Baaaad news for buckthorn

Lynnette Nadeau of Goat Peak Ranch secures fencing that will keep the goats safe as they feed upon buckthorn.

Photo: FMR

From across the land the cries could be heard “The goats are coming! The goats are coming!” Or maybe that was a different story...

Anyway, the goats DID come, to penned enclosures at Gores Pool Wildlife Management Area (WMA) in Hastings. Working closely with Bob Fashingbauer, the WMA manager, FMR recruited the help of about 100 goats to help reduce common buckthorn, which has infested the site.

Tended daily by their owners at Goat Peak Ranch in Redwing, the goats chewed through about five acres of buckthorn in two weeks. They left behind… nothing! Even seedling buckthorn were eaten, leaving the site virtually bare. While simply eating the plants one time won’t kill them, it will set them back, especially during this drought period. Funding for this work was provided by the Lessard-Sams Outdoor Heritage Fund.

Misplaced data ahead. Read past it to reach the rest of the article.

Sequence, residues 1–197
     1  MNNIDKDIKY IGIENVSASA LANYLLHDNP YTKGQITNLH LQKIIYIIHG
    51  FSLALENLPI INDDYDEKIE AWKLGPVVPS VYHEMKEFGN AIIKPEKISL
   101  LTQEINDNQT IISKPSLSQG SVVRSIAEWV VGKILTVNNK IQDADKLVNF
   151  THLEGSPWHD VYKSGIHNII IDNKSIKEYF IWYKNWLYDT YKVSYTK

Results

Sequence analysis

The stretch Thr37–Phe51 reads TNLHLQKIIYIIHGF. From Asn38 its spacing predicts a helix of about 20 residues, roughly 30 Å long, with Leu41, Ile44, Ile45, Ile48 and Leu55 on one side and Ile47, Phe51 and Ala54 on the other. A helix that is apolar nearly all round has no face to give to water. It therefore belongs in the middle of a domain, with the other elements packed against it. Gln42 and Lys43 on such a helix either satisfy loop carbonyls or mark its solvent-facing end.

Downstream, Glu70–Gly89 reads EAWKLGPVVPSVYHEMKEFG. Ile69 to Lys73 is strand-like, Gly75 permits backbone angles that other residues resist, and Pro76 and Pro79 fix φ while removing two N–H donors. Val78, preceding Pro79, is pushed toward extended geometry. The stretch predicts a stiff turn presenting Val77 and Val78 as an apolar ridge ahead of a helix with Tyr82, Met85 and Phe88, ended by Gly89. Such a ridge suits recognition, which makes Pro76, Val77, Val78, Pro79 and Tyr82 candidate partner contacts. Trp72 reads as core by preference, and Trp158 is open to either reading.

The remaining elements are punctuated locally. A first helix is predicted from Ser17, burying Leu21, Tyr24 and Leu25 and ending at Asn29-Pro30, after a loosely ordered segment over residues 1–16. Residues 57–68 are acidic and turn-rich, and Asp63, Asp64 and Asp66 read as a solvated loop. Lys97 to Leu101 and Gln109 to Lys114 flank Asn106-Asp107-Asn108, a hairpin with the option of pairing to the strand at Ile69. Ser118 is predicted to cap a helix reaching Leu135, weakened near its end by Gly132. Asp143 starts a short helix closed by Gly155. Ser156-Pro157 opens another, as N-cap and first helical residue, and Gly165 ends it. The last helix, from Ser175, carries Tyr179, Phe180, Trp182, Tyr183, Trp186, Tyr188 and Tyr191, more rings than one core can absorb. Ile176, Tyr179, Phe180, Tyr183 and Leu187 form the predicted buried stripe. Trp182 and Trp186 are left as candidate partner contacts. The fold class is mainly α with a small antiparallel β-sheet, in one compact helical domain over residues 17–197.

Goats from Goat Peak Ranch munching on the troublesome invasive plant, buckthorn.

Photo: FMR

Buckthorn prevents many other plant species from growing, and thus reduces habitat value for wildlife that depend on the diversity of native flora. Using goats as a tool for buckthorn control has been gaining popularity in recent years, and helps to reduce the amount of chemicals needed. The goats will eat almost any plant, though they don’t care for grasses and a few other things, so they may not be suitable for sites that have a lot of desirable plants. In essence, they function similar to a mowing or a controlled burn, though each process has somewhat different effects.

FMR will continue to monitor the effects of the browsing at Gores, and compare it to simply mowing. Herbicide will likely be used to follow-up on the browsing this fall. We are also experimenting with goats at the Flint Hills Resources (FHR) in Rosemount, in partnership with FHR and Great River Greening. Hopefully this will become a valuable new method for buckthorn control.